At first it began subtly, without much notice, since he only acted gay around his friends in band, but he did it in such a way that you couldn’t help but laugh. It wasn’t unusual to see Dave walk up to a male friend and tell him in masculine, matter-of-fact voice that he was cute, or that he had a nice butt, or even go to the point of giving some obscene, but anatomically correct, compliment. The usual reaction was either disgust, or a humorous “Thanks Dave,” combined with a return compliment of equal severity. Either reaction only encouraged him to continue his ways and improve upon them, which he did over his high school career. Before long, it was a well-known fact, at least in band circles, that Dave was “gay”, partially because he advertised it himself. It was not uncommon to see him writing graffiti on walls, music stands, and books that proclaimed “Dave is Gay!” At Friday night football games he would often start Miller-Lite type fights with two groups of band members shouting back and forth at each other – “Dave is Gay!” “Dave has AIDS!” “Dave is Gay!” “Dave has AIDS!” But of course, Dave did not stop there. Soon his way of acting became a secret way of life for him. He continued to improve this brand of humor in bold, new directions. Before long, he was not only known for his “gayness,” but also for his ability to make suggestive comments about any person or subject at the drop of a hat.
Of course, Dave’s act would not have continued if he had no audience to play to, but he was able to “infect” others with his warped sense of humor. At first, it spread to only a few of his friends in the band, and they helped Dave improve his craft by adding new ideas, and finding new ways to express the same old themes. But by the end of his senior year, many others had been infected – including nine-tenths of the low brass, all the saxophones, a few of the trumpets, and to a degree, even our field commander, who had plans to become a priest after graduation.
Dave was a genius. The things he thought up and did could only be described as awe-inspiring. He developed an ability for changing the lyrics to songs that made me think of him as a demented “Weird Al” Yankovic. There wasn’t a song written that he couldn’t adapt to fit his strange sense of humor, and no music was safe: Top 40 hits, band songs, school cheers, and even classical music. His masterpiece was when he “improved” Prince’s already obscene song “Darling Nikki” and renamed it after himself – “Darling Davey.” The only lyrics that Dave didn’t bother changing were Jarreau’s, although he did often make fun of some of the passages in Al’s songs.
But Dave’s genius also extended into other creative disciplines. One summer at band camp, for Dave used one of his breaks to express himself in writing. With a friend as a look-out, he quietly snuck into the girls’ restroom. Once inside, he quickly took out a pencil and scribbled on one of the walls, “For a good time, Call Dave. 555-3164.” After completing his task, Dave exited the same way he came in, and luckily escaped without notice. He never did receive any calls, at least none that I heard about.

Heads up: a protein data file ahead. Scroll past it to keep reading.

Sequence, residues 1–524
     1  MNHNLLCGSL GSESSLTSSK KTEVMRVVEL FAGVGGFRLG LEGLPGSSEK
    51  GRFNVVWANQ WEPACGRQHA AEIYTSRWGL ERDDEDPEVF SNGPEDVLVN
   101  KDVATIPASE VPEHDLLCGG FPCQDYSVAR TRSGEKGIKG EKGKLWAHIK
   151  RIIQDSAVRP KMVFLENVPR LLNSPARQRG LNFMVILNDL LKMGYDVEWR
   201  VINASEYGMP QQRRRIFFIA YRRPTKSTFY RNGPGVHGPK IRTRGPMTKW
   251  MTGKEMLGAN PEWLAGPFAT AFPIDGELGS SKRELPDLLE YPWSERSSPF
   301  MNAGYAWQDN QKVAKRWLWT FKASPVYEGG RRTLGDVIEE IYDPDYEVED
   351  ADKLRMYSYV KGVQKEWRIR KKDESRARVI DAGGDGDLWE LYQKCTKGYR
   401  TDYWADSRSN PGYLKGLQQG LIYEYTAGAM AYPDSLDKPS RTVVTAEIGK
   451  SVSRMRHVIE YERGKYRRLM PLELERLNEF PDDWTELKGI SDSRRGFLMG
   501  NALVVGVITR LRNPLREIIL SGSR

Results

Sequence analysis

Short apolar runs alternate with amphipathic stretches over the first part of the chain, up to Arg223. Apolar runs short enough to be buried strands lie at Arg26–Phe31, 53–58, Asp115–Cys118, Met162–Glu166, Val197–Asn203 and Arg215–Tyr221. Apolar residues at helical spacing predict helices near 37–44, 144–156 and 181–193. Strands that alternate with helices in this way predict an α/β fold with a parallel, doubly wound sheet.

Throughout his high school career, Dave successfully avoided discovery by his parents and teachers, mainly be switching between his band and his normal personality. It all depended on who he was around. Of course, he had a little trouble in the presence of both his band friends and someone from the outside world, but he usually handled it pretty well, at least for a while. By the time he had reached his senior year, however, he didn’t care who knew about him or heard him talk. Reports circulated of remarks he made in academic classes just loud enough for the student around him to hear but not the teachers. Thus, during his last year, he slowly deteriorated to the point of almost getting himself into trouble. Fortunately for him, the year ended before that happened.
Today, Dave is attending Ohio State University, where he is studying to become an optometrist, a career that fits his academic side. Behind him he left a legacy that is slowly but surely fading away. Those “infected” by Dave have been somewhat successful at continuing the tradition, but without Dave’s creativity and special sense of humor, things are just not the same. Within a few years, the only trace of Dave’s band life will be his name on the Louis Armstrong Jazz Band Award plaque that hangs on the wall of the band room, and few “Dave is Gay!” scribblings that remain undetected on the chairs and stands. Soon, no one will know who wrote those words or even what this Dave character was all about. But not to worry, for as you are right now reading this last sentence, I know that Dave is down in Columbus, infecting new people and creating new traditions that only Dave and his special sense of humor could set into motion.